One webpage that has a very brief and easy-to-read informative bit on ESD is:
That page also points to additional ESD information resources if you want to learn more about it..
For example, the "Electrostatic Discharge Association" link provides a lot of information on ESD and how it impacts computers, users, and manufacturers in a presentation that ranges providing a basic overview to extremely technical details.
*You've probably seen that many electronic components come in plastic bags, and are surrounded by foam "peanuts". These are very special plastic bags, and the foam "peanuts" are often also special. They have either been rendered conductive, had a conductive metallic coating applied to them, or had an anti-static build-up chemical applied to them. It should be noted that over time, the anti-static property of such bags is degraded, with the topical chemically treated bags losing effectiveness earliest. Frequent handling of the bags causes the protection to degrade even faster. Thus, some ESD bags are not suitable for long-term storage of computer components. However, some vendors don't know or don't care about ESD packaging, and "protect" their shipments with untreated "peanuts", plastic "bubble-wrap", or even wadded-up paper.
It should be noted that opening the ESD protective bags on or near those "peanuts", bubble-wrap, or paper may immediately
damage your new adapter card. It may cause a "DOA", may instead cause latent damage that can cause a device to show no immediate symptoms but instead fail hours, days, or months in the future when it otherwise would have worked well for years.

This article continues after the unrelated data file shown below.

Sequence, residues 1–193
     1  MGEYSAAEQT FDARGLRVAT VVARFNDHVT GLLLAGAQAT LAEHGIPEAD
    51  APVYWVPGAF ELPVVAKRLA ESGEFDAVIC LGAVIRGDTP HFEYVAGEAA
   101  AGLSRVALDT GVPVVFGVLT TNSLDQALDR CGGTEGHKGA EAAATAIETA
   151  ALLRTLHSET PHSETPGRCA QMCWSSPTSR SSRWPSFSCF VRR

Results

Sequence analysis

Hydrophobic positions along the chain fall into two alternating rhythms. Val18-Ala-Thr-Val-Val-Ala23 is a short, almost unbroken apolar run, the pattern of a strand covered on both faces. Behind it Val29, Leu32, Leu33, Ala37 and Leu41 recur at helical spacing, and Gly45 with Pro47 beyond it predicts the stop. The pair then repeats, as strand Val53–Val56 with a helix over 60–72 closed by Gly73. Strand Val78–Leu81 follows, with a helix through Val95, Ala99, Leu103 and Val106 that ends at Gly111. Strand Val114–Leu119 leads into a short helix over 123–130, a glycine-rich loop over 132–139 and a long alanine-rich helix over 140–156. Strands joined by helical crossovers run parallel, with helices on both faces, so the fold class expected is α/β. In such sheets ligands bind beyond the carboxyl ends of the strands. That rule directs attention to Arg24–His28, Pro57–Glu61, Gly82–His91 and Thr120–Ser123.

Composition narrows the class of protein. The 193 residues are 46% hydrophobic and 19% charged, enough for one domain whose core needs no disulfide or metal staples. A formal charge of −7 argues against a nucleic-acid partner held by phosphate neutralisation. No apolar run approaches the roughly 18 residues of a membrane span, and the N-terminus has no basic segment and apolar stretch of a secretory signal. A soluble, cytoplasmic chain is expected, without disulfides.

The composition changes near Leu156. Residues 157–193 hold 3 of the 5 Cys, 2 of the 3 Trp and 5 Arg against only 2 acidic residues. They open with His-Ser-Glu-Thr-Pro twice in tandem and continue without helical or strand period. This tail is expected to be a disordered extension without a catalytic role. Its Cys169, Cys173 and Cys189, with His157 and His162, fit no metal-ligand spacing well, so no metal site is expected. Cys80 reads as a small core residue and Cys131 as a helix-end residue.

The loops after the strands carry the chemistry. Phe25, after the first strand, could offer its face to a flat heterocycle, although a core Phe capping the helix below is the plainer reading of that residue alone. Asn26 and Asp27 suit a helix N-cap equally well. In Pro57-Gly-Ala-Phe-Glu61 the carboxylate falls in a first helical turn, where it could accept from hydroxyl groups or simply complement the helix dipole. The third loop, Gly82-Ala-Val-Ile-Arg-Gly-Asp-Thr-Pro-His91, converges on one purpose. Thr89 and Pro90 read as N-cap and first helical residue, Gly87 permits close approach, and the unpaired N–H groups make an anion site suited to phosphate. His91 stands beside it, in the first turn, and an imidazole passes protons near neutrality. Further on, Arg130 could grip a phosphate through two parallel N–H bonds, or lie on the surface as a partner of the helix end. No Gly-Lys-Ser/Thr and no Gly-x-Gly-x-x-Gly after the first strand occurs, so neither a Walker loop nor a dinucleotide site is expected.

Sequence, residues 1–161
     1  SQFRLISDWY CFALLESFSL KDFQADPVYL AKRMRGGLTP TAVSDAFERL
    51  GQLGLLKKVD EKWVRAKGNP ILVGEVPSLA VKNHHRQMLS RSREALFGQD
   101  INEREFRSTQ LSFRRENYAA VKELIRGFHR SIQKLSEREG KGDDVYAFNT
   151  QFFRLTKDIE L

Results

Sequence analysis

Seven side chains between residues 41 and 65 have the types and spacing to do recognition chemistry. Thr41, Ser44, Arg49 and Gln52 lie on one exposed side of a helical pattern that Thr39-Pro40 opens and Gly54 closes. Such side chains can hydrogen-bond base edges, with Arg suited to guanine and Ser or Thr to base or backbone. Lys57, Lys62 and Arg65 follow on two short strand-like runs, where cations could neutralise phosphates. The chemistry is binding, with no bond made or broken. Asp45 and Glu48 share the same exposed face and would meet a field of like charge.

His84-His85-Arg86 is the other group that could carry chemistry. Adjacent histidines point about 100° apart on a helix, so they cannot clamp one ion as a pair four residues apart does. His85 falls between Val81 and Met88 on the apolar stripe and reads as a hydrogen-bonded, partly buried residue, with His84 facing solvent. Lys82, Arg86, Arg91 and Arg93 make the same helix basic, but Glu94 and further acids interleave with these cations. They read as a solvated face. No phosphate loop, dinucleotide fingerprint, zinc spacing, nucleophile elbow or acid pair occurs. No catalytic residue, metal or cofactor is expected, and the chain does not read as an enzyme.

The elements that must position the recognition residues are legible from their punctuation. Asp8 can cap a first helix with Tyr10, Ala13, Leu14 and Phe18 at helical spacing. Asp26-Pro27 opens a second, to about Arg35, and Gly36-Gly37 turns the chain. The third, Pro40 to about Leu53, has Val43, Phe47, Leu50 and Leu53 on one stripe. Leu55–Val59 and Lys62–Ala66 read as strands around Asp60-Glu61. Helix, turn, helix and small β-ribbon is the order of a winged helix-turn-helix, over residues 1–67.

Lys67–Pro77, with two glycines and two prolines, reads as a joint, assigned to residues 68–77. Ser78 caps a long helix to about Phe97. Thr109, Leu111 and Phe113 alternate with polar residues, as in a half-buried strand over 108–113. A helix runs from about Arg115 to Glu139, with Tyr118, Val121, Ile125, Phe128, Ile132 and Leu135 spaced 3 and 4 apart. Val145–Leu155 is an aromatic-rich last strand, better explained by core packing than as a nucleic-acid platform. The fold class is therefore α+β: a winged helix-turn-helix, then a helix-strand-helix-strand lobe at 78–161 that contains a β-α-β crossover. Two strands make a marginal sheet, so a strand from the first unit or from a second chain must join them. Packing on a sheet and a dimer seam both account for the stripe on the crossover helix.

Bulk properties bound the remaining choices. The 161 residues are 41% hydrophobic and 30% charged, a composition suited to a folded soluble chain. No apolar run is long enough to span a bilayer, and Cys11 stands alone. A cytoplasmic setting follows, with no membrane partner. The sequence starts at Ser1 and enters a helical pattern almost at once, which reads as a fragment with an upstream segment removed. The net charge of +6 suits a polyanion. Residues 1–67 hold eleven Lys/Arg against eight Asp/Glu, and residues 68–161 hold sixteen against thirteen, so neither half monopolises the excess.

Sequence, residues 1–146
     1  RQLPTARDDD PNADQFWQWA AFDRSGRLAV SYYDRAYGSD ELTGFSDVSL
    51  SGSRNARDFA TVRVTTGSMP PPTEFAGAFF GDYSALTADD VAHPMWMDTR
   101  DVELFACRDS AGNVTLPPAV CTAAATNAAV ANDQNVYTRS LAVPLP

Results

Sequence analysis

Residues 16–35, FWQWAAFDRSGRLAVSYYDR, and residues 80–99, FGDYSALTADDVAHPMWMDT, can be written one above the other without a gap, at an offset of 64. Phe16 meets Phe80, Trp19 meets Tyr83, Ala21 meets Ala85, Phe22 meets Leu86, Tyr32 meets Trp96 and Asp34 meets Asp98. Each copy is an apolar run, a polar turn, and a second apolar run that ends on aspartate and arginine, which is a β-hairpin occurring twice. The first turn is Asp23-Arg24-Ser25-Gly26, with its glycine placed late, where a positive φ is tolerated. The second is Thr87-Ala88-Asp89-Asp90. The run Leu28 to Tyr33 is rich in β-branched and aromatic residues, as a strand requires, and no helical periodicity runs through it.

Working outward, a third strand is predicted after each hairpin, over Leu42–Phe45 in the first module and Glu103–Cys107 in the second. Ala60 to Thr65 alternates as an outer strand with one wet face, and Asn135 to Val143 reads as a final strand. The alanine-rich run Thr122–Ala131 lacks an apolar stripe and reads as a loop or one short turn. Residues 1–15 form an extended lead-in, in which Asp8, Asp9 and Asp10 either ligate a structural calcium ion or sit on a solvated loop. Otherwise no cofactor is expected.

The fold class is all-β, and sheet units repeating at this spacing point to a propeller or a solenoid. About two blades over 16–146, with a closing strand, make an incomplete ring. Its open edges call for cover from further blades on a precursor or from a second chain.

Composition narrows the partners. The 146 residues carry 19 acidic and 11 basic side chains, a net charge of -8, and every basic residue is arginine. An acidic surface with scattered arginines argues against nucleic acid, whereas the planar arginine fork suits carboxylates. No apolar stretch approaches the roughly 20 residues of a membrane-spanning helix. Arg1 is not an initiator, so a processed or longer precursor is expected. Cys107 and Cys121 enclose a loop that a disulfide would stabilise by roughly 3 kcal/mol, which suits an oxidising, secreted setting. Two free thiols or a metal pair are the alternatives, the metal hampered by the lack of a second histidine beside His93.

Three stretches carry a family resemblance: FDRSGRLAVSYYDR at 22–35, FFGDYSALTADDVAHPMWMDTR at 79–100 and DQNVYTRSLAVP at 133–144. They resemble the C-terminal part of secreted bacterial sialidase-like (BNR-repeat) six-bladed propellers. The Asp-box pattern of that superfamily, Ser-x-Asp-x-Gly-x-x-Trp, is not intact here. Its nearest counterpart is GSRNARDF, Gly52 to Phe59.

Another good ESD information website for users and
Electrostatic Discharge Association website
It provides information on industry activity in this area, and a white paper in particular that may be of interest to HWA users. The paper provides information in a manner that ranges from basic overview to extremely technical. Some parts are directed mostly to manufacturers but contain some information some users may still find interesting or provide context to extent of the ESD problem and how it affects the computer industry/users.
"Fundamentals of Electrostatic Discharge" http://www.esda.org/esd_fundamentals.html
Part One--An Introduction to ESD http://www.esda.org/documents/fundamentalspart1.pdf
Part Two--Principles of ESD Control http://www.esda.org/documents/fundamentalspart2.pdf
Part Three--Basic ESD Control Procedures and Materials http://www.esda.org/documents/fundamentalspart3.pdf
Part Four--Training and Auditing http://www.esda.org/documents/fundamentalspart4.pdf
Part Five--Device Sensitivity and Testing http://www.esda.org/documents/fundamentalspart5.pdf
Part Six--ESD Standards http://www.esda.org/documents/fundamentalspart6.pdf
edited 200602160100uct to add "see ESD", "zap ESD", "hear ESD" comment with apologies to the rock opera..
edited 201404290500uct to call attention specifically to the link to the Electrostatic Discharge Association's .org website and one of the white papers.